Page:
Unexplained? Yes. Scary? No. Do I believe in ghosts? Maybe.:hmm:
 

mudfinger

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I don't think it's smug at all. I think it's a good observation. The human mind has evolved to be a pattern-seeking machine, and to that end, it will create a pattern where none exists. That is an illusion, too.

How many triangles are in this picture?

kanisza.gif


Granted that that is a different sort of illusion/pattern ... but the point is that saying we're built to see illusions isn't smug -- it's just a plain observation. Now, had he said, "You silly humans, falling for those illusions ..." -- that would be smug.


This is fine. However, it baffles me why believers should expect to have their stories accepted without any support other than their personal eyewitness reports.

Phil's attitude is smug, not yours. You take the proposition seriously enough to engage in thoughtful debate. That is to say, you support your position with something more substantial than, "I haven't seen them, therefore you're all loons".

I'm not asking anyone to believe me. Hell, I'm bat-shit crazy with a side order of stupid, but I saw what I saw. It wasn't an illusion, and it defies everything I know about the laws of physics. I can live with that; some folks can't. Most likely, in my view, we aren't nearly as knowledgeable about how the universe works as we'd like to think, and a small measure of doubt is a good thing. :thumb:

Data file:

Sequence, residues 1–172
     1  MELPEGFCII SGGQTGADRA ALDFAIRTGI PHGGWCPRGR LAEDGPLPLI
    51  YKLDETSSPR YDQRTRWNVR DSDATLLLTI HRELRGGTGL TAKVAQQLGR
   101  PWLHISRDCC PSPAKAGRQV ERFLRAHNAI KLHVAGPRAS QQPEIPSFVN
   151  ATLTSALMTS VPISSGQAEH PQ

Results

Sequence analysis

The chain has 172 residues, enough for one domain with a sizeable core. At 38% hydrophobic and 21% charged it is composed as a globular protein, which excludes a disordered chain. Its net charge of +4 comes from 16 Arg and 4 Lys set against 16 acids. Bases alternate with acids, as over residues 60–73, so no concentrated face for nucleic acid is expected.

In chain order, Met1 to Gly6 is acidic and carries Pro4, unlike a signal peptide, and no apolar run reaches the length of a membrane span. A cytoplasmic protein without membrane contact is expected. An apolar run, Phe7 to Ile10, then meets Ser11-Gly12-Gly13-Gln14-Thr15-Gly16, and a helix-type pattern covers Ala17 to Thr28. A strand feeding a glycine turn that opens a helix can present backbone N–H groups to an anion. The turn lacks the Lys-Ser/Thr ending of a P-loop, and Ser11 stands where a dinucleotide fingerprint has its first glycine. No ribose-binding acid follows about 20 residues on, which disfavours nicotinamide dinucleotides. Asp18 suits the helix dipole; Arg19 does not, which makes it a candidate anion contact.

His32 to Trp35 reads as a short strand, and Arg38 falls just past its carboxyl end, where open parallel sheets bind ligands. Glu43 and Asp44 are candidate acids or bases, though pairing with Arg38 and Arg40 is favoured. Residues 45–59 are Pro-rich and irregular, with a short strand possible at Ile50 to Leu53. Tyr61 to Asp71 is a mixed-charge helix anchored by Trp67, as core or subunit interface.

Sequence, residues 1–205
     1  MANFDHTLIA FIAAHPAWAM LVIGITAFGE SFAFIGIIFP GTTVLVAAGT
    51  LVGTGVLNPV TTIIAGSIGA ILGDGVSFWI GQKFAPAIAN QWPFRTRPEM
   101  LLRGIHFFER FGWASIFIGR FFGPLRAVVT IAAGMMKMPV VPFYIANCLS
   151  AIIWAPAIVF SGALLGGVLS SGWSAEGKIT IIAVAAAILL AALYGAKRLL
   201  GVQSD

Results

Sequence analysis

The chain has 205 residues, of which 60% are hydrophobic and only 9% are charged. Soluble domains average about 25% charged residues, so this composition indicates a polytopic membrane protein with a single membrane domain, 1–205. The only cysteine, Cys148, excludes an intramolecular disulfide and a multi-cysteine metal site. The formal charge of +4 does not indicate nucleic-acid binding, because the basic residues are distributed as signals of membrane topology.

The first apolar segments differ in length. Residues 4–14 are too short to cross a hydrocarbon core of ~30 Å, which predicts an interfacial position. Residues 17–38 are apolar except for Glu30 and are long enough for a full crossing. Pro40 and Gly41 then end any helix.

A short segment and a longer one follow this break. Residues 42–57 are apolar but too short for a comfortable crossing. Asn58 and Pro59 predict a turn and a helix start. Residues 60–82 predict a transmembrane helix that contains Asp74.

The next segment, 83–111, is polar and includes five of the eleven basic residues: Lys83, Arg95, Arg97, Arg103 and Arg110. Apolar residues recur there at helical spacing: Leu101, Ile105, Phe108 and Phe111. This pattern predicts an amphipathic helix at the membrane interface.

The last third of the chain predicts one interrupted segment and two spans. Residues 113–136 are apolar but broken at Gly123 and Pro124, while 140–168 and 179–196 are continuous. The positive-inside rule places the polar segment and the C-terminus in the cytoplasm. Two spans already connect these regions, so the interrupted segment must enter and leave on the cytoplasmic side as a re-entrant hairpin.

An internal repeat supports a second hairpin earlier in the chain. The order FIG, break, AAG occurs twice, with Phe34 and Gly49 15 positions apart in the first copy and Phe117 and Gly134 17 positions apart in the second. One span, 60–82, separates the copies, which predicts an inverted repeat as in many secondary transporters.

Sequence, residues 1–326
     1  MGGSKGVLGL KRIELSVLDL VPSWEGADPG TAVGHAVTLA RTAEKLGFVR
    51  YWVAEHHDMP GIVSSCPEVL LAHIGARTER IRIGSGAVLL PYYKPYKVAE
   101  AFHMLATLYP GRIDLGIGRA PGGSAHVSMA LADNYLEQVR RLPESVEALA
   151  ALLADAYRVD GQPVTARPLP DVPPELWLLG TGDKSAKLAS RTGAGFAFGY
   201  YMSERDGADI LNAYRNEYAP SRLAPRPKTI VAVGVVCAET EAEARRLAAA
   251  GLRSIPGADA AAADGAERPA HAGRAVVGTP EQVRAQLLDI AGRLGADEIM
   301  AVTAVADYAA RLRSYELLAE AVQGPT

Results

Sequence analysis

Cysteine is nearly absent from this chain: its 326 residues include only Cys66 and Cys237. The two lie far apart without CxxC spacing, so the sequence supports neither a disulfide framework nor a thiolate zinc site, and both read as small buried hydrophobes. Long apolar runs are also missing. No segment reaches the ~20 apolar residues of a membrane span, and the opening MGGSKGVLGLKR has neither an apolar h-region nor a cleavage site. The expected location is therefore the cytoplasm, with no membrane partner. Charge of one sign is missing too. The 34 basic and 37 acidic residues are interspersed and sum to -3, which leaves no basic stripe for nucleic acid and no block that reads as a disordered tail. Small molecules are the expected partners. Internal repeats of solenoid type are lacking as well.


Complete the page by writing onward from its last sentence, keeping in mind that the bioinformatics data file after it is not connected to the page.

Spirithawk

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A mystery is just that...a mystery. It's not called a fact. When an answer is unknown it is often those who think outside the box that discovers the truth. There are many things once thought to be impossible, thought to be myths, legends, pure fancy, that have now been proven as fact so I choose to keep an open mind. It's those who "think" they know the truth, who refuse to debate the truth, that seldom ever realy discover the truth. It's often those kind of people that keep the truth from ever being found! As Lilly Tomlin would say, " And that's the truth! :p "
 

Thumpalumpacus